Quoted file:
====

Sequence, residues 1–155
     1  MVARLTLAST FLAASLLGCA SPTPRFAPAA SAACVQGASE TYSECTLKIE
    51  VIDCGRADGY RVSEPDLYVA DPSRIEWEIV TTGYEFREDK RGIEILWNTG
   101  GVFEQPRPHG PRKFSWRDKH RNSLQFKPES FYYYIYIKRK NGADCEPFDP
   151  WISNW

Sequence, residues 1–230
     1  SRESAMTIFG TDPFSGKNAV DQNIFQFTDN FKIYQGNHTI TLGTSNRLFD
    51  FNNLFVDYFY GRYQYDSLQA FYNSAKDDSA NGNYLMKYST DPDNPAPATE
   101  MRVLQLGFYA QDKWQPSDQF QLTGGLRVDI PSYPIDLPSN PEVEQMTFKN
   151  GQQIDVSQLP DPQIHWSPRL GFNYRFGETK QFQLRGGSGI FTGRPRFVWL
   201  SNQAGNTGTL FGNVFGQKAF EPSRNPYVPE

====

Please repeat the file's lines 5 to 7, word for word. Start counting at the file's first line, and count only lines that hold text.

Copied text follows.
   151  WISNW

Sequence, residues 1–230
     1  SRESAMTIFG TDPFSGKNAV DQNIFQFTDN FKIYQGNHTI TLGTSNRLFD